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Top-down modulation of auditory processing: effects of sound context, musical expertise and attentional focus

Lookup NU author(s): Dr Kai Alter


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By recording auditory electrical brain potentials, we investigated whether the basic sound parameters (frequency, duration and intensity) are differentially encoded among speech vs. music sounds by musicians and non-musicians during different attentional demands. To this end, a pseudoword and an instrumental sound of comparable frequency and duration were presented. The accuracy of neural discrimination was tested by manipulations of frequency, duration and intensity. Additionally, the subjects' attentional focus was manipulated by instructions to ignore the sounds while watching a silent movie or to attentively discriminate the different sounds. In both musicians and non-musicians, the pre-attentively evoked mismatch negativity (MMN) component was larger to slight changes in music than in speech sounds. The MMN was also larger to intensity changes in music sounds and to duration changes in speech sounds. During attentional listening, all subjects more readily discriminated changes among speech sounds than among music sounds as indexed by the N2b response strength. Furthermore, during attentional listening, musicians displayed larger MMN and N2b than non-musicians for both music and speech sounds. Taken together, the data indicate that the discriminative abilities in human audition differ between music and speech sounds as a function of the sound-change context and the subjective familiarity of the sound parameters. These findings provide clear evidence for top-down modulatory effects in audition. In other words, the processing of sounds is realized by a dynamically adapting network considering type of sound, expertise and attentional demands, rather than by a strictly modularly organized stimulus-driven system.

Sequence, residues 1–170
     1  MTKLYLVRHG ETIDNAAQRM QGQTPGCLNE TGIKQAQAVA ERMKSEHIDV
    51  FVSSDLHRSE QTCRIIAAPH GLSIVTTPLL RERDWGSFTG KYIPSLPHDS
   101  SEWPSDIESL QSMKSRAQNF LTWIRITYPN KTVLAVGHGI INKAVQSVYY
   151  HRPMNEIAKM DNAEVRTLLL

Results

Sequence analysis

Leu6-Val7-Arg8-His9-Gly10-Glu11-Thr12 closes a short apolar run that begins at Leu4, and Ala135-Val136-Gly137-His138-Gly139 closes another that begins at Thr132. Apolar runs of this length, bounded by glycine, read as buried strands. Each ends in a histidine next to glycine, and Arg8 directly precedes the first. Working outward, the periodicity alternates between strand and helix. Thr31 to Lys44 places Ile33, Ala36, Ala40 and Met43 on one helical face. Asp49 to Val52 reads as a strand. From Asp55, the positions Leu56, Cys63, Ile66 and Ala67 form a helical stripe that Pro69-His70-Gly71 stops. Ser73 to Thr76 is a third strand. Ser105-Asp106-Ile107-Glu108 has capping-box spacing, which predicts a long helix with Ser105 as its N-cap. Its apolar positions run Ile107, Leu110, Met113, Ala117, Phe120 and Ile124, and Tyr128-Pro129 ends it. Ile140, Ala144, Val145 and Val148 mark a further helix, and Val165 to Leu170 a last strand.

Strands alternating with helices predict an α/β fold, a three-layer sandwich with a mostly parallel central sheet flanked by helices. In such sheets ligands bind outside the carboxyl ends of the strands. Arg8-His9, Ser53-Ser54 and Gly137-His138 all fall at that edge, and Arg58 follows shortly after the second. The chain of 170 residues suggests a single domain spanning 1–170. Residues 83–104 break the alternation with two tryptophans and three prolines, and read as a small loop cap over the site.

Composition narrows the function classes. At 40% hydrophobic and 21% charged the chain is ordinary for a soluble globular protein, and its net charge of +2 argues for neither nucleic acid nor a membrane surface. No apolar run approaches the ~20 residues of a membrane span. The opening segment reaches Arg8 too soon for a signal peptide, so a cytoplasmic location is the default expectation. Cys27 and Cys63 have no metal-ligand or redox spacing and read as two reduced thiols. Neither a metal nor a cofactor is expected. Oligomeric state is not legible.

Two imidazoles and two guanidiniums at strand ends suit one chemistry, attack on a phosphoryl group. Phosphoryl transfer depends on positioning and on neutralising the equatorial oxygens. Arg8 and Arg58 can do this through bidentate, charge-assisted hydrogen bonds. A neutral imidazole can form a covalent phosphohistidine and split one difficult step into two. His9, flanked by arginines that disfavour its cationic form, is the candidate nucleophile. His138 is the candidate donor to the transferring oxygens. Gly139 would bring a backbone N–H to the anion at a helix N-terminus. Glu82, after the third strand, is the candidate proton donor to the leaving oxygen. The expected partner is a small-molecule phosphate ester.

Publication metadata

Author(s): Tervaniemi M, Kruck S, De Baene W, Schroger E, Alter K, Friederici AD

Publication type: Article

Publication status: Published

Journal: European Journal of Neuroscience

Year: 2009

Volume: 30

Issue: 8

Pages: 1636-1642

ISSN (print): 0953-816X

ISSN (electronic): 1460-9568

Publisher: Wiley-Blackwell Publishing Ltd.


DOI: 10.1111/j.1460-9568.2009.06955.x


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Funder referenceFunder name
German Academic Exchange Service (DAAD)
German Research Foundation (DFG)
73038Academy of Finland
QLK6-CT-2000-51227European Commission
RGP5300/2002-C102Human Frontier Science Program (HFSP)